Another indication of how shallow the seas were in the Middle Jurassic of southern Israel. This bedding plane in the Matmor Formation of Makhtesh Gadol has a gastropod (snail) fossil in the center of the image surrounded by angular shells of fossil mytilids (clams commonly called mussels today). In life the mytilids had attached to the gastropod and each other by fine yet strong byssal thread produced by a special gland. This kind of relationship is very common in tidal pools and other shallow areas where wave action is strong.

I Have Plenty of Faults

September 9th, 2009

MAKHTESH GADOL, ISRAEL–One of the goals of this trip to the Negev was to map and analyze a series of faults Wooster geology students and Yoav Avni have found during our five years of fieldwork in Makhtesh Gadol.  Our projects have all been stratigraphic and paleontological, and we need to understand the structural framework of these rocks before we can interpret their histories.  In turn the faults could only be assessed after the stratigraphy has been sorted out, which we have essentially done now.  Yoav and I were able then to examine these faults this week and place them on the map with some ideas about their dimensions and times of movement.  (“Yoav and I” means in this case that I watched Yoav do the real work!)

Vertical fault (at the hammer head) in the Matmor Formation, Makhtesh Gadol, Israel.

Vertical fault (at the hammer head) in the Matmor Formation, Makhtesh Gadol, Israel.

Most of the faults are vertical and more or less east-west trending.  After mapping them, the fun part was working out how much displacement took place and when.  For example, using a Lower Cretaceous laterite as a key horizon, we could tell on one segment of a fault that 6.5 meters of displacement was prior to laterite formation and 4.5 meters came after the laterite.  This could only be done after the stratigraphy of the Jurassic units under the laterite was described, which is Wooster’s contribution to this structural analysis.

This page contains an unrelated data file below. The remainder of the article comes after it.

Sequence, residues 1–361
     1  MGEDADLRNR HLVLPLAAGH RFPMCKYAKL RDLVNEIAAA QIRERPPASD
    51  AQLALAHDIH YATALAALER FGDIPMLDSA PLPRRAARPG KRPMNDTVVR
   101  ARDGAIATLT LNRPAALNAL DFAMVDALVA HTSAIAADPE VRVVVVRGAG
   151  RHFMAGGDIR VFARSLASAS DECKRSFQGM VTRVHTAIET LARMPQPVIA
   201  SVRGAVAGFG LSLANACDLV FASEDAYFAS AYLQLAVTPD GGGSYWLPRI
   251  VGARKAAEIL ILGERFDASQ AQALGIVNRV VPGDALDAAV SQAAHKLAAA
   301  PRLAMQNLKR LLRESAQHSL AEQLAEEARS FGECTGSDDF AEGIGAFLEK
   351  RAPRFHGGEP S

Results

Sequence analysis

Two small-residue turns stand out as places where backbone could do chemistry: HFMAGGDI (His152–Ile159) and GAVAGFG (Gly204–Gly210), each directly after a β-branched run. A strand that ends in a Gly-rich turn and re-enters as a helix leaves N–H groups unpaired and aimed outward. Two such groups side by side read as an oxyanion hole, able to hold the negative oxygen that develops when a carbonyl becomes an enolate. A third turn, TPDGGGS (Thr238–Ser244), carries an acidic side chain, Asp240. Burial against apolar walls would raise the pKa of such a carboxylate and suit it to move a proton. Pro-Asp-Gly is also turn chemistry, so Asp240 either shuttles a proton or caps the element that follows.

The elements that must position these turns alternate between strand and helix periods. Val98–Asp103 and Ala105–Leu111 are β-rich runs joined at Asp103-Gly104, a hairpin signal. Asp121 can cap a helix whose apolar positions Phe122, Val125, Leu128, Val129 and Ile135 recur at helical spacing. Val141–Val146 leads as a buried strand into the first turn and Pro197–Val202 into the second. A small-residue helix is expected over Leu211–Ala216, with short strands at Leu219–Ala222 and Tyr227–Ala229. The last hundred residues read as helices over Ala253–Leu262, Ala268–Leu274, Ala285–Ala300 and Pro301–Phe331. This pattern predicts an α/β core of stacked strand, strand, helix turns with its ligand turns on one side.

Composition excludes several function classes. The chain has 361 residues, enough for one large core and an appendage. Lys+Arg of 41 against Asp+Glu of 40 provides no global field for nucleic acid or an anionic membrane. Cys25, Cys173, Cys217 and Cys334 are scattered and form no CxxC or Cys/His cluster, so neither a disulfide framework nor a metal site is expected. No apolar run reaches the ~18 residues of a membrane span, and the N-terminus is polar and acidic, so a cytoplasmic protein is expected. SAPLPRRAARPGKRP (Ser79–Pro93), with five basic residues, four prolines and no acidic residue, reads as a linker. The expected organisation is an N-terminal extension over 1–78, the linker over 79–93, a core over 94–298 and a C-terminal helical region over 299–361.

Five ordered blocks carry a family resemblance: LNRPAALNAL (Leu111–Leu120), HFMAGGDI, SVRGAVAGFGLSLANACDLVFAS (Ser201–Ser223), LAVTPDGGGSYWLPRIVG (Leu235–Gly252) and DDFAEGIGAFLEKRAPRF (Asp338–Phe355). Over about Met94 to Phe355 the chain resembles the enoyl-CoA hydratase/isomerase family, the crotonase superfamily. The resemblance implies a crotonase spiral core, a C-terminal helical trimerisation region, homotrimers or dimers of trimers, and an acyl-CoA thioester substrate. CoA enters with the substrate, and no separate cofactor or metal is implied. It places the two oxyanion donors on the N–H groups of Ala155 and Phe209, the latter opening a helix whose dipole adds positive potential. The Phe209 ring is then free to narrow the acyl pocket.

Jurassic Cryptic Marine Ecosystems

September 8th, 2009

Note the curly worm tubes and borings made by another type of worm.  There are also tiny little sponges in this view, and even tinier brachiopods.  This is a "cryptic community", meaning it lived in a protected space, in this case on the underside of a coral colony just above the sea floor.  The study of cryptic marine communities and their evolution has been a speciality of the Wooster paleontology lab.  (Matmor Formation, Jurassic, Makhtesh Gadol.)

Note the curly worm tubes and borings made by another type of worm. There are also tiny little sponges in this view, and even tinier brachiopods. This is a "cryptic community", meaning it lived in a protected space, in this case on the underside of a coral colony just above the sea floor. The study of cryptic marine communities and their evolution has been a speciality of the Wooster paleontology lab. (Matmor Formation, Jurassic, Makhtesh Gadol.)